Within 50 feet of the parking lot David and I encountered a black bear sow and two cubs on the trail. We gave them wide berth (as you should!) and continued. Only short distance after that David noticed that someone had accidentally dropped an apple core on the asphalt path near the trail. He picked it up and took a detour to find a bear-proof trash can. He mentioned that something as simple as an apple core can cause a bear to become more aggressive toward humans and their food. In that case the bear is often put down before it harms someone. Bear safety and livelihood is very important and everyone there takes it seriously.
The trail around Jenny and String Lakes covers some of the most popular sites in the park. Because we started early the area wasn’t too busy with tourists. We breathed in the morning and magnificence with every step. Or, maybe that was just me huffing because almost the entire run would be above 6,700 feet. David got a great photo of a marmot who was posing like it was his job. After our loop of the lake I left David at his car and continued. For close to 20 miles, the Valley Trail presented me with challenging singletrack, invigorating natural beauty and few people. A passing hiker pointed out a black bear in the distance but I saw no other animals besides chipmunkey-munkeys, squirrels and birds. It was a perfect day and place for running.
I took Friday off to rest and do some sightseeing but I had an itching to climb to a 9,000-foot point before I left. When I was at Grand Teton National Park the first time I climbed to Holly Lake (9,416 ft.) and remember it being difficult but fulfilling.
On Saturday afternoon I started from the Lupine Meadows trailhead toward two highlights of the park: Surprise (9,580 ft.) and Amphitheater (9,698 ft.) Lakes. My back was aching a bit from the Tuesday climb and the Thursday marathon but I didn’t feel it was bad enough hold me back. I took my time hiking up and was rewarded. Surprise and Amphitheater are quiet, powerful alpine lakes. From Surprise Lake you get dramatic views of the 13,770-foot peak of Grand Teton and at the smaller Amphitheater Lake you are almost encircled by mountains. There, faced with this imposition, I felt both appreciative and insignificant.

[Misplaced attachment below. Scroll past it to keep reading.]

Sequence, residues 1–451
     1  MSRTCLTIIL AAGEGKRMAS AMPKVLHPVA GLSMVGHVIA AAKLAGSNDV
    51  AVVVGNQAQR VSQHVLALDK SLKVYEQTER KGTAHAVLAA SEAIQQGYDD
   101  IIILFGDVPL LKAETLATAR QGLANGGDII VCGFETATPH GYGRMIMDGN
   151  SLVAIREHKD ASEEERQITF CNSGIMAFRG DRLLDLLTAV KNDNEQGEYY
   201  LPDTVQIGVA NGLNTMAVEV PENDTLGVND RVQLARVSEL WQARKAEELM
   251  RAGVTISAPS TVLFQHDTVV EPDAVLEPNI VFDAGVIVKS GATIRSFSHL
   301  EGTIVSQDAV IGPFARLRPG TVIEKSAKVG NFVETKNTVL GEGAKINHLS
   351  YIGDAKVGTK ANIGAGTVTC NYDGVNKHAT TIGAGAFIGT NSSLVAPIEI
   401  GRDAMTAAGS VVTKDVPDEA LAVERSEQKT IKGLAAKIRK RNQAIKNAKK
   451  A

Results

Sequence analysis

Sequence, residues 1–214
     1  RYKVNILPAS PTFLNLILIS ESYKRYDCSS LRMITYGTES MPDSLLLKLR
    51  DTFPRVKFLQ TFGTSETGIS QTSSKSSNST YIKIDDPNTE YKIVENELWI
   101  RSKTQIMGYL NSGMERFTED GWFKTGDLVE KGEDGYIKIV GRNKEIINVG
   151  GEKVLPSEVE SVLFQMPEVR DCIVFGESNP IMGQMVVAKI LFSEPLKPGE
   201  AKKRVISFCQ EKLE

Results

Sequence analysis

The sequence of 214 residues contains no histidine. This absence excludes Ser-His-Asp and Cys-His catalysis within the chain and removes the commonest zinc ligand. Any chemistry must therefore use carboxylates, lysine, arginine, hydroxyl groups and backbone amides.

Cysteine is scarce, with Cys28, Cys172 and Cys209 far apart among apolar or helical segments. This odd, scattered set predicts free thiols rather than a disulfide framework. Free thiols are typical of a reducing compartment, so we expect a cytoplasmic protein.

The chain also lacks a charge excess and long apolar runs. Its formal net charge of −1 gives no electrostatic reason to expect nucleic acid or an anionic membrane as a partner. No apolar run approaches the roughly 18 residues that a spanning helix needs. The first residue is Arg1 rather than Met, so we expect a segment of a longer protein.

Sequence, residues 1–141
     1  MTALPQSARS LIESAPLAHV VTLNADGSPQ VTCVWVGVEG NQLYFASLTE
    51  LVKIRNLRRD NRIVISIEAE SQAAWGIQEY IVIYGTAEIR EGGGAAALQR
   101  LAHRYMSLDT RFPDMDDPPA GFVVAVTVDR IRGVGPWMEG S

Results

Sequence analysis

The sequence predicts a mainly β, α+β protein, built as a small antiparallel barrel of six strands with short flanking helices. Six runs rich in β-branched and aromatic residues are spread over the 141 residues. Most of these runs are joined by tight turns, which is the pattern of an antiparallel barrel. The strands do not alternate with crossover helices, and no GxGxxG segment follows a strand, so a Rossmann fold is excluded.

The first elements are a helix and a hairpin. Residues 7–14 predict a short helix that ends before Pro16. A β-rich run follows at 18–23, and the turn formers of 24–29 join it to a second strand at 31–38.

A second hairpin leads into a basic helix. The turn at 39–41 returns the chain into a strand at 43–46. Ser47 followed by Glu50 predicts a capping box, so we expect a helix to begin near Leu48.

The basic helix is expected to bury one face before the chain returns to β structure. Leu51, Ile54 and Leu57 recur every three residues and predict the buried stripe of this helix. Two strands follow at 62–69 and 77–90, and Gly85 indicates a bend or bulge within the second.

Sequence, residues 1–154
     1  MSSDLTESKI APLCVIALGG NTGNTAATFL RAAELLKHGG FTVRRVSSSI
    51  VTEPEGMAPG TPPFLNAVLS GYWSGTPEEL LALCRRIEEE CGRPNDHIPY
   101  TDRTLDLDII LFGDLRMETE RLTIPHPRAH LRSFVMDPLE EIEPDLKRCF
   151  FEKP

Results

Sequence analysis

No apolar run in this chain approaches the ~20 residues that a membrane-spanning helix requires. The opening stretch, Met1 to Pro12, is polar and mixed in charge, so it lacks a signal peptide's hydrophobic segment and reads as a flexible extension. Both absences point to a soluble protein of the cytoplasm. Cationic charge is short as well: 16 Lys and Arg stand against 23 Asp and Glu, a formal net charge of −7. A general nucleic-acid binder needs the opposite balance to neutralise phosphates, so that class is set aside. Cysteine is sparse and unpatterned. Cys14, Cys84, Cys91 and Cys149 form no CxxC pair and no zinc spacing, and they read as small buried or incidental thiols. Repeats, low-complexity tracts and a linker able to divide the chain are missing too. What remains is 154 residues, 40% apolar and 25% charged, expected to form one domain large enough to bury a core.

I decided to mostly run on the way back down. At some point I slowed to a walk and was passed by another runner. Since he was the first runner I had seen either during my marathon or that day I decided to drop in behind him for as long as I could. We struck up a conversation. Jake Urban is the co-founder of the Jackson Hole Outdoor Leadership Institute. He and his team teach avalanche awareness and wilderness medicine to individuals and first responders.
During our conversation we realize we are both from small towns in Pennsylvania not far from each other and we are about the same age. In the not too distant past he made a life decision to step away from a successful career in academia to live somewhere he wanted to live and do something he wanted to do. He is an example of possibility. Possibility to step away, possibility to change, possibility to do meaningful work, possibility make a difference, make a living and enjoy your life all at the same time. He was just coming down from summiting the Grand Teton. He said that I pushed him toward the end. Hell, I was just trying to keep up.
I left Grand Teton National Park with warmth of new friends, examples of possibility and images of mountains pointing up – the only way to go.